The cockpit of an aircraft is a typical location for avionic equipment, including control, monitoring, communication, navigation, weather, and anti-collision systems. The majority of aircraft power their avionics using 14- or 28‑volt DC electrical systems; however, larger, more sophisticated aircraft (such as airliners or military combat aircraft) have AC systems operating at 400 Hz, 115 volts AC. [9] There are several major vendors of flight avionics, including Panasonic Avionics Corporation, Honeywell (which now owns Bendix/King), Universal Avionics Systems Corporation, Rockwell Collins (now Collins Aerospace), Thales Group, GE Aviation Systems, Garmin, Raytheon, Parker Hannifin, UTC Aerospace Systems (now Collins Aerospace), Selex ES (now Leonardo S.p.A.), Shadin Avionics, and Avidyne Corporation.

International standards for avionics equipment are prepared by the Airlines Electronic Engineering Committee (AEEC) and published by ARINC.


Communications connect the flight deck to the ground and the flight deck to the passengers. On‑board communications are provided by public-address systems and aircraft intercoms.

The VHF aviation communication system works on the airband of 118.000 MHz to 136.975 MHz. Each channel is spaced from the adjacent ones by 8.33 kHz in Europe, 25 kHz elsewhere. VHF is also used for line of sight communication such as aircraft-to-aircraft and aircraft-to-ATC. Amplitude modulation (AM) is used, and the conversation is performed in simplex mode. Aircraft communication can also take place using HF (especially for trans-oceanic flights) or satellite communication.

Air navigation is the determination of position and direction on or above the surface of the Earth. Avionics can use satellite navigation systems (such as GPS and WAAS), inertial navigation system (INS), ground-based radio navigation systems (such as VOR or LORAN), or any combination thereof. Some navigation systems such as GPS calculate the position automatically and display it to the flight crew on moving map displays. Older ground-based Navigation systems such as VOR or LORAN requires a pilot or navigator to plot the intersection of signals on a paper map to determine an aircraft's location; modern systems calculate the position automatically and display it to the flight crew on moving map displays.


The Airbus A380 glass cockpit featuring pull-out keyboards and two wide computer screens on the sides for pilots. Airbus A380 cockpit.jpg
The Airbus A380 glass cockpit featuring pull-out keyboards and two wide computer screens on the sides for pilots.

The first hints of glass cockpits emerged in the 1970s when flight-worthy cathode ray tube (CRT) screens began to replace electromechanical displays, gauges and instruments. A "glass" cockpit refers to the use of computer monitors instead of gauges and other analog displays. Aircraft were getting progressively more displays, dials and information dashboards that eventually competed for space and pilot attention. In the 1970s, the average aircraft had more than 100 cockpit instruments and controls. [10] Glass cockpits started to come into being with the Gulfstream G‑IV private jet in 1985. One of the key challenges in glass cockpits is to balance how much control is automated and how much the pilot should do manually. Generally they try to automate flight operations while keeping the pilot constantly informed. [10]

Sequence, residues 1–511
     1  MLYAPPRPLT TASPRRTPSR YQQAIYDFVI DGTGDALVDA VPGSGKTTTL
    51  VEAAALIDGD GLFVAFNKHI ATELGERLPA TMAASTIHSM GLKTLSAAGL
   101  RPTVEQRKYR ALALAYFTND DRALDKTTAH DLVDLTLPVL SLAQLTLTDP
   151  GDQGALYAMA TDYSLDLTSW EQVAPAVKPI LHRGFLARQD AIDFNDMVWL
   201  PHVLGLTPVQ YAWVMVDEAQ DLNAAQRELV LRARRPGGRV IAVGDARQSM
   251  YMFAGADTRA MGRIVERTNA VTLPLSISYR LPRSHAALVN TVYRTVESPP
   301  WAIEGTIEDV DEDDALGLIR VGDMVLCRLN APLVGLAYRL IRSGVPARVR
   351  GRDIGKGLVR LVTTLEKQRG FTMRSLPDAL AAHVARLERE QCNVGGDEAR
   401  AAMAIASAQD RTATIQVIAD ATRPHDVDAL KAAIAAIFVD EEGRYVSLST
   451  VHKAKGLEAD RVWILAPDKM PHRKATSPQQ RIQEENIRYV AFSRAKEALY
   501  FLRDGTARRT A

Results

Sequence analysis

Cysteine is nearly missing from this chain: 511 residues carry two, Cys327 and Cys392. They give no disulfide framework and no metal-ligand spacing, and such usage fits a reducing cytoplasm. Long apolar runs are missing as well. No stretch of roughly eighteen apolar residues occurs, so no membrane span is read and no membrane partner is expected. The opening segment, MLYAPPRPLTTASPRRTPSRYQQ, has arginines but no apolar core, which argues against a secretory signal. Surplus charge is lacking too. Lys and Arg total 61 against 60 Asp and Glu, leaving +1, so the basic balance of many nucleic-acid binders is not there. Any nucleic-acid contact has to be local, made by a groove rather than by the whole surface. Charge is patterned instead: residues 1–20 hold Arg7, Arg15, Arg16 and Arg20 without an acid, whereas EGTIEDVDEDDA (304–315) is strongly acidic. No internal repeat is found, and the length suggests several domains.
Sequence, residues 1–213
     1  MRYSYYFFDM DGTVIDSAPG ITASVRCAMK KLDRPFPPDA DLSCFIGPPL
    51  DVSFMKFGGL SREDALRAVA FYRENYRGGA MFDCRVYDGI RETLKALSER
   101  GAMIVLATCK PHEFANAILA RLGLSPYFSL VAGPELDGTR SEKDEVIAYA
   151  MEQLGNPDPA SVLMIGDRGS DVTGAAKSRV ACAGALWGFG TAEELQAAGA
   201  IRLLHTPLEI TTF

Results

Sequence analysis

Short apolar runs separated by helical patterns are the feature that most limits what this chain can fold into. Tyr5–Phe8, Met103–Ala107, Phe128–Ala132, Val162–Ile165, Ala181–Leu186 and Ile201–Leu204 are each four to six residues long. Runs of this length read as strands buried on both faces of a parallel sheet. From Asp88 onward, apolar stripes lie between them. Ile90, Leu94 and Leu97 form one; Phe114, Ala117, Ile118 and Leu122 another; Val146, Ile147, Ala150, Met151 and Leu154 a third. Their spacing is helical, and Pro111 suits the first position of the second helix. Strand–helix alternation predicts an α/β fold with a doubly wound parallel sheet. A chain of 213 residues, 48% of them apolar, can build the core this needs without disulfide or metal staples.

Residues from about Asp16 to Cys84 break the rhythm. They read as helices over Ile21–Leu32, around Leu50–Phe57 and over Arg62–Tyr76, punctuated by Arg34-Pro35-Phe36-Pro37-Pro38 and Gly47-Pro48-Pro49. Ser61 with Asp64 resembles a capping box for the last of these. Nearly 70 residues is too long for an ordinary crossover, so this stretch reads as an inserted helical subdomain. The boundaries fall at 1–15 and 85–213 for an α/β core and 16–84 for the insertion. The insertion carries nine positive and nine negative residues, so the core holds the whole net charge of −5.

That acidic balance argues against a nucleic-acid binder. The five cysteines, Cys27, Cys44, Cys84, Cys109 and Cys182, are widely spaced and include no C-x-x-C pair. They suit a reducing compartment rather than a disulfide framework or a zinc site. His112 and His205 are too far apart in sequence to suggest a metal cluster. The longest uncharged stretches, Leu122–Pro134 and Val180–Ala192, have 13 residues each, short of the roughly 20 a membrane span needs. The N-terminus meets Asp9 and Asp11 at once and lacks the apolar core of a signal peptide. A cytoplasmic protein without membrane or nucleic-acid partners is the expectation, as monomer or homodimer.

Aircraft flight-control system

Aircraft have means of automatically controlling flight. Autopilot was first invented by Lawrence Sperry during World War I to fly bomber planes steady enough to hit accurate targets from 25,000 feet. When it was first adopted by the U.S. military, a Honeywell engineer sat in the back seat with bolt cutters to disconnect the autopilot in case of emergency. Nowadays most commercial planes are equipped with aircraft flight control systems in order to reduce pilot error and workload at landing or takeoff. [4]

The first simple commercial auto-pilots were used to control heading and altitude and had limited authority on things like thrust and flight control surfaces. In helicopters, auto-stabilization was used in a similar way. The first systems were electromechanical. The advent of fly by wire and electro-actuated flight surfaces (rather than the traditional hydraulic) has increased safety. As with displays and instruments, critical devices that were electro-mechanical had a finite life. With safety critical systems, the software is very strictly tested.